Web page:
Will the project live up to its apocalyptic name—or go as smoothly as the first Carmageddon 14 months ago?
And George Herbert Walker Bush for smoothly overseeing the end of the Cold War.
Until recently, Rice was smoothly on track to become the Edmund Hillary of foreign-policy strivers.
Car performance depends in large part on quality of the parts and how smoothly they fit.
And unlike the smoothly cool Barack Obama, Sharpton has been frequently pinned down in a wrestling match with the Teleprompter.
The positions of the opponents are stated rapidly and smoothly.
Was it complacence or suspicion that stirred the liquid in the cyst so smoothly?
The car went forward as smoothly as a skiff on a swift, smooth water.
“I have several things to say to you, one at a time,” replied Haig smoothly.
The smoothly ordered life of the Oronta's saloon passengers was very much that of a first-class seaside hotel, say in Bournemouth.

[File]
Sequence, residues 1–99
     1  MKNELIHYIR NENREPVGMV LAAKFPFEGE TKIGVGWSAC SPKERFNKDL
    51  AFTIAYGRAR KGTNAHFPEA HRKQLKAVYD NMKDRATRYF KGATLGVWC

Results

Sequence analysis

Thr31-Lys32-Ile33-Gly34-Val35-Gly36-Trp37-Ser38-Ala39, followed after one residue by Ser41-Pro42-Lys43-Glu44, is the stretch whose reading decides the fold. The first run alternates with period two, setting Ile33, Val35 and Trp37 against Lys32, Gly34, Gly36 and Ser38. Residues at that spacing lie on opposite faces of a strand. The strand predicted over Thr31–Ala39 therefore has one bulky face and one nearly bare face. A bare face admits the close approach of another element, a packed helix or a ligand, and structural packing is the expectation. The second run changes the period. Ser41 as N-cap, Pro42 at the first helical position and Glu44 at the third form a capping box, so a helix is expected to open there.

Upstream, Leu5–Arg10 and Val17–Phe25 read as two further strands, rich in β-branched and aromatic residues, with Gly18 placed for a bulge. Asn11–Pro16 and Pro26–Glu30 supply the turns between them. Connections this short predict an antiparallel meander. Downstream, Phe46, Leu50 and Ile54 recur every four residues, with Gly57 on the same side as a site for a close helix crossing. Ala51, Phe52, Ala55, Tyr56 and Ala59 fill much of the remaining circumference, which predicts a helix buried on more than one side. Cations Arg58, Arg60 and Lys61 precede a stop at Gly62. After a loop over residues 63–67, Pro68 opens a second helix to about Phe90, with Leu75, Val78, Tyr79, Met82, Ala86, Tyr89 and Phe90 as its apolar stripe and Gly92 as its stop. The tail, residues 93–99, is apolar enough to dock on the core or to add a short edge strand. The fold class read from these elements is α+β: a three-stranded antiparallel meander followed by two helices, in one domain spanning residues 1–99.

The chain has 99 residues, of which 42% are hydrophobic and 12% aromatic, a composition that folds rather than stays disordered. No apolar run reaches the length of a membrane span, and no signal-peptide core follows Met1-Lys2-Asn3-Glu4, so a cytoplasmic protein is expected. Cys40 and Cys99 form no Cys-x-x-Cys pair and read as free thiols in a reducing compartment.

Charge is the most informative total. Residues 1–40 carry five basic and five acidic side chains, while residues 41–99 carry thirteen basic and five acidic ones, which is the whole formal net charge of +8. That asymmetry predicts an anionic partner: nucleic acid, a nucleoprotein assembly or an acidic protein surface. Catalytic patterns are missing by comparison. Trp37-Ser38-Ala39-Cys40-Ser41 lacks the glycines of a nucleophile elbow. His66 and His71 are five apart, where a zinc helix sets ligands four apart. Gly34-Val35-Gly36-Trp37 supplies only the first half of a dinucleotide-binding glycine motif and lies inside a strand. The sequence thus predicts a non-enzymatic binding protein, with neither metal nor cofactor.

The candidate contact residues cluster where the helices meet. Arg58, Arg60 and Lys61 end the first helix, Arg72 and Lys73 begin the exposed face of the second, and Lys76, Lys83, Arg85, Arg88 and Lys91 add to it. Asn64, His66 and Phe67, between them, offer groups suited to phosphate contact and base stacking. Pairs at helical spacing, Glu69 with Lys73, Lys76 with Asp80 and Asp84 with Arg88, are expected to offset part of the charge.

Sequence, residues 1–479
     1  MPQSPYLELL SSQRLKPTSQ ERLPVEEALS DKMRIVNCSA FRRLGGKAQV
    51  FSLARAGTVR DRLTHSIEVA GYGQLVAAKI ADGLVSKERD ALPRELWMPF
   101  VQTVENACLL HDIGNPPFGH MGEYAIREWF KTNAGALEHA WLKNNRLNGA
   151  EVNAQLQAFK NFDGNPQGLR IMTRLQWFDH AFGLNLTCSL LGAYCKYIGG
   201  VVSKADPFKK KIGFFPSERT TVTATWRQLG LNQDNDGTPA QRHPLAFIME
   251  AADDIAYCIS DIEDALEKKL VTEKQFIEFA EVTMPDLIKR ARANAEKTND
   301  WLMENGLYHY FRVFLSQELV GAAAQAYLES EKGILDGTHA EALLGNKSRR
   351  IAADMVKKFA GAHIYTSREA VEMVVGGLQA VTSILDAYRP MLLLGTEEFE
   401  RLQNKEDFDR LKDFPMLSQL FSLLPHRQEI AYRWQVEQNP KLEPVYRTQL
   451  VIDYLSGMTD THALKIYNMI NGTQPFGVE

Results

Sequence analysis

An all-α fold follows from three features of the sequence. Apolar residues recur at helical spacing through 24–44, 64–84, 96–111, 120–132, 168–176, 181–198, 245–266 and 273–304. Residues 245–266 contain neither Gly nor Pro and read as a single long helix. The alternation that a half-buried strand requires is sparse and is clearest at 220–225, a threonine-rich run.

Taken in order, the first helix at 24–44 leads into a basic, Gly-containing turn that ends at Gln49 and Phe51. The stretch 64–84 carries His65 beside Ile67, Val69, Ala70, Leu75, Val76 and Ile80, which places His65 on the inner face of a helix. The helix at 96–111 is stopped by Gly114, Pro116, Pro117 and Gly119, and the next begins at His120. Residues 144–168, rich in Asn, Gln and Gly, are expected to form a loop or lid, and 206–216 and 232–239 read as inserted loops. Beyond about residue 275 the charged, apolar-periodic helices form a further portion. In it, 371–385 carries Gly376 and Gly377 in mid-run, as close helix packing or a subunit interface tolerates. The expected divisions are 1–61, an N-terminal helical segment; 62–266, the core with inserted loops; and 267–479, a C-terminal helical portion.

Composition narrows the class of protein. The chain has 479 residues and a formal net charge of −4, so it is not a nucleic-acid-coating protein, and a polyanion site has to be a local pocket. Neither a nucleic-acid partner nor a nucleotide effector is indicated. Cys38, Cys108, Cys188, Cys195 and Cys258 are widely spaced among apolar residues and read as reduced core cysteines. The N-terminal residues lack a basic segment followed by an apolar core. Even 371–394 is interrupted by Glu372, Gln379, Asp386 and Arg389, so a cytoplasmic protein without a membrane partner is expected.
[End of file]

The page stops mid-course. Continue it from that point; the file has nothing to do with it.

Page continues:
Old English smoð "smooth, serene, calm," variant of smeðe "free from roughness, not harsh, polished; soft; suave; agreeable," of unknown origin and with no known cognates. Of words, looks, "pleasant, polite, sincere" late 14c., but later "flattering, insinuating" (mid-15c.). Slang meaning "superior, classy, clever" is attested from 1893. Sense of "stylish" is from 1922.
Smooth-bore in reference to guns is from 1812. smooth talk (v.) is recorded from 1950. A 1599 dictionary has smoothboots "a flatterer, a faire spoken man, a cunning tongued fellow." The usual Old English form was smeðe, and there is a dialectal smeeth found in places names, e.g. Smithfield, Smedley.
late Old English smoþ "to make smooth," replacing smeðan "to smooth, soften, polish; appease, soothe;" smeðian "smoothen, become smooth," from the source of smooth (adj.). Meaning "to make smooth" is c.1200. Related: Smoothed; smoothing. Middle English also had a verb form smoothen (mid-14c.).
: I'd rather have hooch, and a bit of a smooch
[the pilfering sense probably derives from the kissing sense by way of mooch; the kissing sense may be fr German schmutzen, ''to kiss, to smile''; the dated instance is spelled smouch; the term was reestablished as smooch in the 1930s]